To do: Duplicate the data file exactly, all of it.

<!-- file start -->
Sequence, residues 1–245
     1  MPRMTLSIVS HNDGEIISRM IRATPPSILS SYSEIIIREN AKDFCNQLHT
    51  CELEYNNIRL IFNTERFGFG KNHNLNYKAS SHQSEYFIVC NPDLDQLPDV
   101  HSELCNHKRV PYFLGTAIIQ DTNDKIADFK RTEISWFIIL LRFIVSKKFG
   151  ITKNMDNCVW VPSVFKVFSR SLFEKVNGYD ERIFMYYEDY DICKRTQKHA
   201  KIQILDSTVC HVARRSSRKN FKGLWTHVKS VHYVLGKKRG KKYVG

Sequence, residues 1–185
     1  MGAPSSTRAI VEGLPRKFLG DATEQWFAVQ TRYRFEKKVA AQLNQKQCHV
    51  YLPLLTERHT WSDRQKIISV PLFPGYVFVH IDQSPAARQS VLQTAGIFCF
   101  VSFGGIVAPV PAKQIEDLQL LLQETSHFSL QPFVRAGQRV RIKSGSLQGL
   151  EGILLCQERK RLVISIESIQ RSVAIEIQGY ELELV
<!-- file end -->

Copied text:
Sequence, residues 1–245
     1  MPRMTLSIVS HNDGEIISRM IRATPPSILS SYSEIIIREN AKDFCNQLHT
    51  CELEYNNIRL IFNTERFGFG KNHNLNYKAS SHQSEYFIVC NPDLDQLPDV
   101  HSELCNHKRV PYFLGTAIIQ DTNDKIADFK RTEISWFIIL LRFIVSKKFG
   151  ITKNMDNCVW VPSVFKVFSR SLFEKVNGYD ERIFMYYEDY DICKRTQKHA
   201  KIQILDSTVC HVARRSSRKN FKGLWTHVKS VHYVLGKKRG KKYVG

Sequence, residues 1–185
     1  MGAPSSTRAI VEGLPRKFLG DATEQWFAVQ TRYRFEKKVA AQLNQKQCHV
    51  YLPLLTERHT WSDRQKIISV PLFPGYVFVH IDQSPAARQS VLQTAGIFCF
   101  VSFGGIVAPV PAKQIEDLQL LLQETSHFSL QPFVRAGQRV RIKSGSLQGL
   151  EGILLCQERK RLVISIESIQ RSVAIEIQGY ELELV